Five years after Fukushima nuclear power plant disaster that was caused by a tsunami crashing into it, the clean up is proving to be a bigger challenge than expected.

The radiation levels are way too high for humans to enter and to dispose of the highly radioactive materials to prevent the situation from getting worse.

TEPCO and toshiba developed a series of specialized robots that are able to go underwater, into the plants damaged cooling cools to recover the radioactive nuclear rods.

The robots who went into Fukushima’s no-man’s land have not returned after radiation levels in the power plant proved too strong for their circuit boards to handle.  

But none of the robots have returned.

As they approach the radioactive nuclear rods, their circuity melts from the high radiation, turning them into statues.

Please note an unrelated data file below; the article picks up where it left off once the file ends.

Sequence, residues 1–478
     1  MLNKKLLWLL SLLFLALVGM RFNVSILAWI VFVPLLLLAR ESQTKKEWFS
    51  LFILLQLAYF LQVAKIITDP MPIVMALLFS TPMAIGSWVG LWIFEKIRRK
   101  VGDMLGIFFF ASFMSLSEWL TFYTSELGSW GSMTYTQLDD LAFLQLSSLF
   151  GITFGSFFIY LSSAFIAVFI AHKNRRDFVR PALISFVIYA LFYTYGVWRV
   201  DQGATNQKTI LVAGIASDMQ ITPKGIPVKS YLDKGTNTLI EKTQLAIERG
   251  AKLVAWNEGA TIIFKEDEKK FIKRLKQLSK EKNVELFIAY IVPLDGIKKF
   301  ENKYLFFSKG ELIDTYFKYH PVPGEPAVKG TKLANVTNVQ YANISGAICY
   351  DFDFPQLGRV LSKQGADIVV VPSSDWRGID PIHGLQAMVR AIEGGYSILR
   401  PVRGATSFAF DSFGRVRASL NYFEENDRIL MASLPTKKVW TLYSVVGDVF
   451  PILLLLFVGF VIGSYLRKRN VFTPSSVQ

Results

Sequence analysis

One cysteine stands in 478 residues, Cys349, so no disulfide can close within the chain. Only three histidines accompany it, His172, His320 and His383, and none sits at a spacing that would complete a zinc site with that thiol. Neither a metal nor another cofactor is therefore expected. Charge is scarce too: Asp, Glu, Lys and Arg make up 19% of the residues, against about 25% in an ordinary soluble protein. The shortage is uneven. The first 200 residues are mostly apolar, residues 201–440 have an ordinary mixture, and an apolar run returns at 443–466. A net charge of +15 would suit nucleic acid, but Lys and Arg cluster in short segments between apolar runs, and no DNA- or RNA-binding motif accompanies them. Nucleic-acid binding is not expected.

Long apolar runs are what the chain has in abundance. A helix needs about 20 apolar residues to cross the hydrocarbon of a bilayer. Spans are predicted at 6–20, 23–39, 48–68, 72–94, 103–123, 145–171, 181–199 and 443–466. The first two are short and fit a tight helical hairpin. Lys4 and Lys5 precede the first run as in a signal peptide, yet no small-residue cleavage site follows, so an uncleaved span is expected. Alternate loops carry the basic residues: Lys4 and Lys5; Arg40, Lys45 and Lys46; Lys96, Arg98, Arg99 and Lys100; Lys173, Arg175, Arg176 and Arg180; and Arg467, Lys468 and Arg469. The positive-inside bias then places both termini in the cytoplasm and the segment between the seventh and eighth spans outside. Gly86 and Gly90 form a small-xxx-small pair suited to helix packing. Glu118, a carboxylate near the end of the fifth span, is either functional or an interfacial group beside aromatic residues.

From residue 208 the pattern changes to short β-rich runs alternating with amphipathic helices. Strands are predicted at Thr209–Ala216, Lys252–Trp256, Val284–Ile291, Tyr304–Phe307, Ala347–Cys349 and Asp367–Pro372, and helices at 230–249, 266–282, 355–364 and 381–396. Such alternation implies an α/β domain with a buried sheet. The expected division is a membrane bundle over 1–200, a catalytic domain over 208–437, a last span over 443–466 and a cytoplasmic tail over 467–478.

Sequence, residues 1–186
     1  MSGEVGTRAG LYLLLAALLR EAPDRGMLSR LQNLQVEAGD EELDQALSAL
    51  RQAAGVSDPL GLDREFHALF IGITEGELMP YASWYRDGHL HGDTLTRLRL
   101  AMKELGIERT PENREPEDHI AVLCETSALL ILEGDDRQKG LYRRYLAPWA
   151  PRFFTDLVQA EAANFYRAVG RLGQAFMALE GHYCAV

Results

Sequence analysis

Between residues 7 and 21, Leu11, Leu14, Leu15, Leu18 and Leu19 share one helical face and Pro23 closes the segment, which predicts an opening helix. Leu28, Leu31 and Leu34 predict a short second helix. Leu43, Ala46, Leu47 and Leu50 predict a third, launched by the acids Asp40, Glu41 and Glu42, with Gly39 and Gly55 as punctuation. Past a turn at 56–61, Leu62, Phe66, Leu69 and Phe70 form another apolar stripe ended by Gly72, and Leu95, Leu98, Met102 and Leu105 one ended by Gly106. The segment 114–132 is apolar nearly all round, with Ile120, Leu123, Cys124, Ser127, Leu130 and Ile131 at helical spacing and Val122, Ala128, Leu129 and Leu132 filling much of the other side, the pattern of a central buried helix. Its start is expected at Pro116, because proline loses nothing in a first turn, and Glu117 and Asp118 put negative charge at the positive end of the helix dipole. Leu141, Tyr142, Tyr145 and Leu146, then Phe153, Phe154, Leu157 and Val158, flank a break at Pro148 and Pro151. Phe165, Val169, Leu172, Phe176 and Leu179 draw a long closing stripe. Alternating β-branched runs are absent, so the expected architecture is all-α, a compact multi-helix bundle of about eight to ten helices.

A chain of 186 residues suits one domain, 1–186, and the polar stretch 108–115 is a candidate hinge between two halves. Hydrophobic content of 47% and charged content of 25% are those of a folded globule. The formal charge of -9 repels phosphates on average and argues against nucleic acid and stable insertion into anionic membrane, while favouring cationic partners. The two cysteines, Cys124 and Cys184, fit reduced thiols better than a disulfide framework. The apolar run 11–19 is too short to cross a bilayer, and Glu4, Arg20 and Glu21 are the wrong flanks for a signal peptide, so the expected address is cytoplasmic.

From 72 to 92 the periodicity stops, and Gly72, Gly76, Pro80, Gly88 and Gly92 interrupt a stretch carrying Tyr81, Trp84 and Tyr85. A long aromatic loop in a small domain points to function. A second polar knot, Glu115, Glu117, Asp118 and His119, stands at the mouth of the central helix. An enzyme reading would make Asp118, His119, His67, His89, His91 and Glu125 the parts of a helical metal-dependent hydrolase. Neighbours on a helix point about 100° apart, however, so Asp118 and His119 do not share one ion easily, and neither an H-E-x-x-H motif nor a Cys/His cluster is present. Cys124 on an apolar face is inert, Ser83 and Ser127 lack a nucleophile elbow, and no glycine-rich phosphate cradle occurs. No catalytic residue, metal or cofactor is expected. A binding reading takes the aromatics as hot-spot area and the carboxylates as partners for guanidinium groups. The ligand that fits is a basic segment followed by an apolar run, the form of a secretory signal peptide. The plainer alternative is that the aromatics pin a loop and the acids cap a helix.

The clean-up continues almost five years to the day after the Fukushima Daiichi nuclear power station experienced three meltdowns after a tsunami crashed into the coastal power plant in 2011. The deathly high levels of radiation means it’s impossible for humans to go into areas of the plant to dispose of or contain the radioactive materials. And it turns out, robots don’t fare much better either.

“It takes two years to develop a single-function robot,” said Naohiro Masuda, Tepco’s head of decommissioning, in an interview reported by Reuters.

“It is extremely difficult to access the inside of the nuclear plant,” he added. “The biggest obstacle is the radiation.”